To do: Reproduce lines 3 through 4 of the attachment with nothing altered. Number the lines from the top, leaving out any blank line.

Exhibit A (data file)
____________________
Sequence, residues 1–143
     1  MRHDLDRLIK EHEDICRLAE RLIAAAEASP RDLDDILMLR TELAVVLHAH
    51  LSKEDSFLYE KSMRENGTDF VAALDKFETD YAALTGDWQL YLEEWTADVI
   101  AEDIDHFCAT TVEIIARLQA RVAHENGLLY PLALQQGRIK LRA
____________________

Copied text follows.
    51  LSKEDSFLYE KSMRENGTDF VAALDKFETD YAALTGDWQL YLEEWTADVI
   101  AEDIDHFCAT TVEIIARLQA RVAHENGLLY PLALQQGRIK LRA